In the true spirit of a dedicated volunteer, Nancy Stewart didn't want to be the Clintonville Area Chamber of Commerce's 2018 ThisWeek Booster Community Volunteer of the Year.
"I tried to get out of it because there are so many people who are more deserving than me," the longtime resident of north Clintonville said. "But then I realized I would be insulting the people who nominated me if I pulled out.
"I thought it was very nice of them."
And those nominators -- at least 10 of them -- were very nice in their comments about Stewart, who still speaks in the buttery Boston accent of her childhood -- something for which the ardent volunteer has no explanation.
"Truthfully, I don't know," Stewart said. "I mean, I was 19 when I left Massachusetts."
Stewart grew up in Braintree, about 9 miles south of Boston.
Clintonville Area Commission District 9 representative B.J. White felt so strongly that Stewart deserved the Volunteer of the Year honors that she launched a Facebook campaign to encourage others to nominate her.
"She is my go-to resident historian, civic-involvement fact-checker," White said. "She is a pillar of strength in the community."
Fellow District 9 resident and neighborhood activist Rich Fowler had no hesitation about acceding to White's request to put Stewart forward for the award.
"It's just her dedication," he said. "She has the community at heart, it seems like, 24/7. She's always arranging a meeting, volunteering.
"She's very anticipatory in our neighborhood. She's worked on the streetlight project, worked on the COTA turnaround, and when we had the car-wash issue in the past. She just goes, goes, goes for the community."
Another nominator, Clintonville resident Judy Robinson, described Stewart as a "behind-the-scenes" volunteer with a fervor for improving her Sharon Heights neighborhood and Clintonville in general.
"(She) does a lot of work that no one's aware, and doesn't want to be recognized for that," Robinson said. "She is what I call a little bulldog when it comes to trying to right things for Clintonville, for which she has a huge passion."
Robinson said she first got to know Stewart when they worked together on creating the Clintonville Neighborhood Plan in the early 2000s.
"Her passion never wavers, which is cool," Robinson said.
Stewart moved to Clintonville in 1965 from Washington, D.C., after having lived in Moscow during the Cuban Missile Crisis.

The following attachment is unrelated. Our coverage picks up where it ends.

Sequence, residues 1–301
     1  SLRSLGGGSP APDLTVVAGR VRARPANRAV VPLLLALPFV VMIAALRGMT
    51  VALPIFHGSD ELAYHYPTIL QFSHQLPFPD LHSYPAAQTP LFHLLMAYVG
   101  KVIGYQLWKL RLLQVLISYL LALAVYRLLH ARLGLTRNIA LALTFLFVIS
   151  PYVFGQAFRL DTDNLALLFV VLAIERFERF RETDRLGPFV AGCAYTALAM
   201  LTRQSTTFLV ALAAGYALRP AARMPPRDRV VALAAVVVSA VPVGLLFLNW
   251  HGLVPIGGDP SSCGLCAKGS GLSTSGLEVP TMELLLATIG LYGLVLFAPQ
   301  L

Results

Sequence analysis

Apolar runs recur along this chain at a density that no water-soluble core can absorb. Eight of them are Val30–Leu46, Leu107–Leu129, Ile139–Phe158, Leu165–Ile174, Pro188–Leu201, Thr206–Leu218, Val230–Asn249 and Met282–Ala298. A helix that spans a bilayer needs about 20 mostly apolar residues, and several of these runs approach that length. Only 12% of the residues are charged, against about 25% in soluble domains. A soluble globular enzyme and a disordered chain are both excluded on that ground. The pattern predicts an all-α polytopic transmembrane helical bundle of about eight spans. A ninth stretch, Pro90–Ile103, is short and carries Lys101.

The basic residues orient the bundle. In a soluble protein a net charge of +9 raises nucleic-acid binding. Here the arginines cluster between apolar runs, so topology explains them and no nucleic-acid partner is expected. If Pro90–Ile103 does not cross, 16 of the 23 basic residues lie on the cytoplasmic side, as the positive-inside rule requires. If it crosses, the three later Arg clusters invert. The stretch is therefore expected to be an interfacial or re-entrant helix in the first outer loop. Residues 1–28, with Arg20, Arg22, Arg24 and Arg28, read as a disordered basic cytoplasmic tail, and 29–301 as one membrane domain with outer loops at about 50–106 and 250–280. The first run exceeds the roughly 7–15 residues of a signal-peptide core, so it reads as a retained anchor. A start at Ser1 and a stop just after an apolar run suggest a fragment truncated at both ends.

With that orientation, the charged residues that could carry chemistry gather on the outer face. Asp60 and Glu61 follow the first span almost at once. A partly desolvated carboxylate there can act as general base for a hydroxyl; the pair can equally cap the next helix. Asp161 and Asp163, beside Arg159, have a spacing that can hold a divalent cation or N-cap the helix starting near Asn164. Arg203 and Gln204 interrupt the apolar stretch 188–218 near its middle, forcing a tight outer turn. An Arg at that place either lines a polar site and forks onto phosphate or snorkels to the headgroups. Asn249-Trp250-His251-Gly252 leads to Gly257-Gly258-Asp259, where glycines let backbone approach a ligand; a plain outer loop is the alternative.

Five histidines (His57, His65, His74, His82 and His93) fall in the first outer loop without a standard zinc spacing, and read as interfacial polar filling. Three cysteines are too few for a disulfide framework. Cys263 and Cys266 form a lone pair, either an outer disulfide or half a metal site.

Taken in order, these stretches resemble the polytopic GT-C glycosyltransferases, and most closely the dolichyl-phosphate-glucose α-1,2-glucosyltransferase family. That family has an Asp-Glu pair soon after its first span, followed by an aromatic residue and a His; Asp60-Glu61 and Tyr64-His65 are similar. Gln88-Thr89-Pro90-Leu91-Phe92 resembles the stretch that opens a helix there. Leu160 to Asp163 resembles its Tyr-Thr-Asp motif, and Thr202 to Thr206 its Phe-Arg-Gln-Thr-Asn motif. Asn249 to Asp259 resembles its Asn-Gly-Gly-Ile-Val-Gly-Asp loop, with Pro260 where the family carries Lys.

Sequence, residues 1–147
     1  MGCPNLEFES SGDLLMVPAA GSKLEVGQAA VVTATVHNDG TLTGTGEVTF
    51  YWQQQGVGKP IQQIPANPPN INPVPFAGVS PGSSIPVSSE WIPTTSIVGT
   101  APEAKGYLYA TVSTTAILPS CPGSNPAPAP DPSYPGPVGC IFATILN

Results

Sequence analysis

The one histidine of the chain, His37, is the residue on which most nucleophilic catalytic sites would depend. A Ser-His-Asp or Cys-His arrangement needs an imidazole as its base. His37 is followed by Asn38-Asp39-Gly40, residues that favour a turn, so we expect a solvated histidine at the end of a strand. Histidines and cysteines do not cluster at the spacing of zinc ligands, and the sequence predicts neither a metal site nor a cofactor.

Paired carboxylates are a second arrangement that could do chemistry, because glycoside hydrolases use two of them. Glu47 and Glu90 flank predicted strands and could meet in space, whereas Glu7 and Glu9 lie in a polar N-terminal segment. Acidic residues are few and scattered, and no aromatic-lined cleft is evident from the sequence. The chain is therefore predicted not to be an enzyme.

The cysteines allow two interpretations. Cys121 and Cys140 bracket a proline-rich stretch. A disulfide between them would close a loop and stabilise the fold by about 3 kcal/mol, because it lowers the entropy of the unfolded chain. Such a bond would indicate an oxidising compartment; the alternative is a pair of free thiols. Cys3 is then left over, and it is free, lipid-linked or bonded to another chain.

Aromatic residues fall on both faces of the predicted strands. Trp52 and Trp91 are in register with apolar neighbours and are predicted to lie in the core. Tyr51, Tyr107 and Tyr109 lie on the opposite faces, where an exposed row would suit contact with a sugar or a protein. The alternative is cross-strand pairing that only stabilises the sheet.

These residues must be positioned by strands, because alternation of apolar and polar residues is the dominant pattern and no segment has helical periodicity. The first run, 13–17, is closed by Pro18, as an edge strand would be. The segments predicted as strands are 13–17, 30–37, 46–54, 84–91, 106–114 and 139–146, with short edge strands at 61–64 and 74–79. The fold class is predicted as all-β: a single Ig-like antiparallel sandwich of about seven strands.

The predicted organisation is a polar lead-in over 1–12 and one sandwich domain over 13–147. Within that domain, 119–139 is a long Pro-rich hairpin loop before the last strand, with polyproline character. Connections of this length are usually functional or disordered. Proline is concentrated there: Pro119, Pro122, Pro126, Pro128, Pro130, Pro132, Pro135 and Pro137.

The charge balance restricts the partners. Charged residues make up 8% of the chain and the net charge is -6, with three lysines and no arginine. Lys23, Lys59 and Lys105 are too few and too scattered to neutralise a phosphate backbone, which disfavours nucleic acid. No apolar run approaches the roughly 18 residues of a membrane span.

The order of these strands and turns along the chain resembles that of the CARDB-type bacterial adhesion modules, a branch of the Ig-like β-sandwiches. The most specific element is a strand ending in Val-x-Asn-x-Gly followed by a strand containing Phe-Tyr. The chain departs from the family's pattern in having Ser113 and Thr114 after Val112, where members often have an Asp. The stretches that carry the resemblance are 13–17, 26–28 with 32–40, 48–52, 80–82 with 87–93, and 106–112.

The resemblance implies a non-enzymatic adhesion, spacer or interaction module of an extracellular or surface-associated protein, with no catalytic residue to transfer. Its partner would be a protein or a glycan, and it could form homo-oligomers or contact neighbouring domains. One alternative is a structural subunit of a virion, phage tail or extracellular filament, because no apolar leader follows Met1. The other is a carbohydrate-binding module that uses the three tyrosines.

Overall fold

Not long after taking up residence, Stewart said she took up the challenge of trying to improve her new neighborhood.
"After a while, you know your neighborhood and you want to keep it nice," she said. "You don't want to be dumped on, and I mean by that zoning variances. If other parts of Clintonville don't want it, maybe you don't want it either."
Stewart, a fixture at Clintonville Area Commission meetings and in its committees, often can be heard taking up District 9's battles with CAC members. A founding member of the Sharon Heights Community Association, her efforts helped lead to the transformation of the former site of the Sharon School at East Stanton and Foster avenues into Sharon Meadows Park.
"She likes to see her neighborhood prosper," White said. "She likes to stand up and be counted and speak for those who don't have a voice.
"I think now is her time. I was mostly shocked that she hasn't already been awarded with such an accolade for her involvement in the community."
Stewart's volunteer efforts don't end at the Clintonville borders. She also offers her time and labor to Buckeye Bargains, a thrift store run since 1966 by the University Women's Club on the Ohio State University campus.
The shop, open from 9 a.m. to 3:30 p.m. Wednesdays at 2121 Tuttle Park Place, sells donated goods, with the profits benefiting the women's club's scholarship fund.
Stewart will be honored alongside the chamber's Business of the Year, J.R. Scott Insurance Agency, and its Businessperson of the Year, Cliff Wiltshire, during the 18th annual Celebrate Clintonville awards, set Feb. 22 at the Clintonville Woman's Club.
Recent ThisWeek Booster Community Volunteer of the Year winners include Clintonville residents Judy and Tom Skinner; Greg Denby of the Columbus Metropolitan Library; Will Reiss of Bishop Watterson High School; Cat Erney of the Clintonville Farmers Market; and Mary Rodgers of the Clintonville Historical Society.